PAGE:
Uncovering history: FBI solves 50-year-old cold case


By Lizzie Sun, Staff Reporter

The FBI Art Crime Team has been in operation since 2004, recovering more than 15,000 items valued at over $800 million in total since its founding. Most recently, the team launched an investigation of a cold case from 50 years ago: the mystery of 50 stolen artifacts across five states, including Pennsylvania. FBI Art Crime Special Agent Jake Archer calls this burglary “one of the largest of its kind that we’re aware of.”

In 2009, a cold case investigation was re-opened by detectives from Upper Merion Township and the Montgomery County District Attorney’s Office. It was a 50-year-old crime which included artifacts, such as firearms from Valley Forge Historical Society and others from the French and Indian War in 1754. Many hold the stories of soldiers, such as the World War II battlefield pickup pistol from General Omar Bradley, which was stolen from the U.S. Army War College Museum.

In a display of passion for American history, U.S. History teacher Michael Palmatier often discusses topics regarding various types of artifacts with his colleagues. He believes in the importance of preserving historical artifacts.

“I think artifacts are essential because they bring us so much closer to the authentic past,” Palmatier said. “Artifacts are a way of telling a story.”

In August 2022, the thief, Michael Corbett of Newark, Delaware, pleaded guilty to the possession of the stolen items, claiming that his intent was not to sell, but to collect. Corbett’s sentence was a day in jail and a $65,000 fine.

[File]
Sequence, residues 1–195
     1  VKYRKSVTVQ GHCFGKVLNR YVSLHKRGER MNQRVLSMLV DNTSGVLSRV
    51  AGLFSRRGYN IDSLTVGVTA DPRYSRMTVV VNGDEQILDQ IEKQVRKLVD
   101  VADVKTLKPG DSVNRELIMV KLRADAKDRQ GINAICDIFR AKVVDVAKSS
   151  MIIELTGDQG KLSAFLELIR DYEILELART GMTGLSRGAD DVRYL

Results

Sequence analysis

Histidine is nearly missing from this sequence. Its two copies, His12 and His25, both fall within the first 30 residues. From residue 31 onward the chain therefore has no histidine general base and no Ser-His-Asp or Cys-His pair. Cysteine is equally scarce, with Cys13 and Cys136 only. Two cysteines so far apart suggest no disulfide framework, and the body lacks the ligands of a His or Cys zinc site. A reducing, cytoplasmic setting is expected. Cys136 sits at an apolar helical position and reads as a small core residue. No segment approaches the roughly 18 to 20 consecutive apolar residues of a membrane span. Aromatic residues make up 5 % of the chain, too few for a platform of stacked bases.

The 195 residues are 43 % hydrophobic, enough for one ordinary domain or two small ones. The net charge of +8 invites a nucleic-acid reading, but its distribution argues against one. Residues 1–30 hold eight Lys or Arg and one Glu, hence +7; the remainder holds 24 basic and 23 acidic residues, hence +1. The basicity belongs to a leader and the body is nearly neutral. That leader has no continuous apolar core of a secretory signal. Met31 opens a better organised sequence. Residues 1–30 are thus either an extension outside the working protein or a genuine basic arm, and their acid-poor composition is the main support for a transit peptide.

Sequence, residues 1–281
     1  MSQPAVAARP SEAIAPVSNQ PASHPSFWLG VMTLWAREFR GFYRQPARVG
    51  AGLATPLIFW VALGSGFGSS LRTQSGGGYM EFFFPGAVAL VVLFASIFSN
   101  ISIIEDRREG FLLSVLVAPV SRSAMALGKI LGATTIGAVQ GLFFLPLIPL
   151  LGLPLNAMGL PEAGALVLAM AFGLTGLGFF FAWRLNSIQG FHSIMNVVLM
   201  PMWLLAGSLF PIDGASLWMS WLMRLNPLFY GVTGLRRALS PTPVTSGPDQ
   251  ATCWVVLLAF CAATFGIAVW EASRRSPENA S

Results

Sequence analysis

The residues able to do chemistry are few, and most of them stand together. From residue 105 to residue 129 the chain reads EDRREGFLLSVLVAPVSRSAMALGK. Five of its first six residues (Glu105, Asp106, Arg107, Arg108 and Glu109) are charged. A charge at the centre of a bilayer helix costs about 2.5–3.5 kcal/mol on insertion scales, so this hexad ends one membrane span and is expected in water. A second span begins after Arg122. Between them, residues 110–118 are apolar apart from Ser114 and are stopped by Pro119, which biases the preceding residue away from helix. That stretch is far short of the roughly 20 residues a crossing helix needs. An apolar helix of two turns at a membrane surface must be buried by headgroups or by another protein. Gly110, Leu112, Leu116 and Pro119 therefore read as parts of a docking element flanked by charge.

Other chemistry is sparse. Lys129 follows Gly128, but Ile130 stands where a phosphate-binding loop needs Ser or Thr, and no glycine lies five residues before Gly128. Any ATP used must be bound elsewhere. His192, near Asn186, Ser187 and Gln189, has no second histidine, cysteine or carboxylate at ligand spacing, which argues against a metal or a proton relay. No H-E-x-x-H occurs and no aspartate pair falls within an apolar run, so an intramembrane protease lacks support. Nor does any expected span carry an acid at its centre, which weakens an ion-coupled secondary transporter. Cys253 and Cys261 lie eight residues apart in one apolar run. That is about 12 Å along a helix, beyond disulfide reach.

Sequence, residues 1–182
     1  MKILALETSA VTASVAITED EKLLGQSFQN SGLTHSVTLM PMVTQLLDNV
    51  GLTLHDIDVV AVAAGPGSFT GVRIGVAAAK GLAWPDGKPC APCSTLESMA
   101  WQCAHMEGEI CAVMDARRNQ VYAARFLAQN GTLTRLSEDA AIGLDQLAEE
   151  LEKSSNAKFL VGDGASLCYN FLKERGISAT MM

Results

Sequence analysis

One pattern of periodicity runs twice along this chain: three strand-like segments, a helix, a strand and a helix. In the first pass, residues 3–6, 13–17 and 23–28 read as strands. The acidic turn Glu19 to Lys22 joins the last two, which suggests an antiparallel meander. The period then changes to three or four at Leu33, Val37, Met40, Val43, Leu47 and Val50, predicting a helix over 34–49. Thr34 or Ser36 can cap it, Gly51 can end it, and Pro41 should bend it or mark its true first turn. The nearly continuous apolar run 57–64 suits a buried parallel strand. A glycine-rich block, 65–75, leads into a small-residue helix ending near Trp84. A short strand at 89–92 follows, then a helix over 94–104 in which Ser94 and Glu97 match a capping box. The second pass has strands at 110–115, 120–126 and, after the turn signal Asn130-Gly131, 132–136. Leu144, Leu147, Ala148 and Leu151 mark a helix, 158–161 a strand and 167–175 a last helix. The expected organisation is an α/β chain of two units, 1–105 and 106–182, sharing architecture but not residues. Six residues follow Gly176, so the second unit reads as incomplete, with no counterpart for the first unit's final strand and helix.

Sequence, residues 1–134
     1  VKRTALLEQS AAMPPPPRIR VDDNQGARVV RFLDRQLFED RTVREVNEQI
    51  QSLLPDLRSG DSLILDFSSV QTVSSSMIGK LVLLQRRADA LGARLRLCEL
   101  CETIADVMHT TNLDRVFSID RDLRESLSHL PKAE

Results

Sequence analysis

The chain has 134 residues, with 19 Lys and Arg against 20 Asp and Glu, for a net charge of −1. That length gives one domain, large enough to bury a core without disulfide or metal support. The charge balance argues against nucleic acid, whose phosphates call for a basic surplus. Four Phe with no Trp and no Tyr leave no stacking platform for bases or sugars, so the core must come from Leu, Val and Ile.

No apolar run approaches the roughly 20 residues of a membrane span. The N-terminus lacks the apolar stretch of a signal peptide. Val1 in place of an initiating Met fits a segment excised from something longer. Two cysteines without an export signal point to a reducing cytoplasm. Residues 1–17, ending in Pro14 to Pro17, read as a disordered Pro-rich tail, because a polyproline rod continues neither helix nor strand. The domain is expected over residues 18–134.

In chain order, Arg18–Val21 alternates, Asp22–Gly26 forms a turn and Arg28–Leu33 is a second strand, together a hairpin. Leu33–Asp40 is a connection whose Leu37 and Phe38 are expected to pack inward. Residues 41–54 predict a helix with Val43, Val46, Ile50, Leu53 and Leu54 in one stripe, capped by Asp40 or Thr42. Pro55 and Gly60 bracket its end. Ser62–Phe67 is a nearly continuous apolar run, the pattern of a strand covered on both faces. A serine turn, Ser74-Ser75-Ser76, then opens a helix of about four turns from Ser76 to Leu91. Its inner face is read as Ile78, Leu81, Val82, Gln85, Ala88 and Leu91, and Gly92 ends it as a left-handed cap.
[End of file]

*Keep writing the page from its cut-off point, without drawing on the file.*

On March 13, the artifacts returned to their 17 original institutions, including the Museum of American Revolution. ZeeAnn Mason, the Chief Operating Officer of the Museum of American Revolution in Philadelphia, explains how Corbett stole the artifacts.

“When the items that were recently repatriated were stolen, security measures at many museums, especially smaller historical societies, were lax,” Mason said. “They didn’t have the type of security cameras, alarm systems and secure cases most museums have today.”

After the 2009 case reopening, anonymous sources revealed information regarding the theft until it led to Corbett, solving the burglaries that spanned from 1968 to 1979. Mason is appreciative of the effort put into the artifacts’ reclamation so they can be displayed to the public once again.

“We are grateful to the FBI’s Art Crime Team who worked diligently with other law enforcement agencies to recover and repatriate these items,” Mason said. “It is always a terrible thing to see anything stolen, especially artifacts that are often irreplaceable. Once (the artifacts) were recovered, it was no small task to determine where the items were stolen from.”

Lizzie Sun can be reached at [email protected].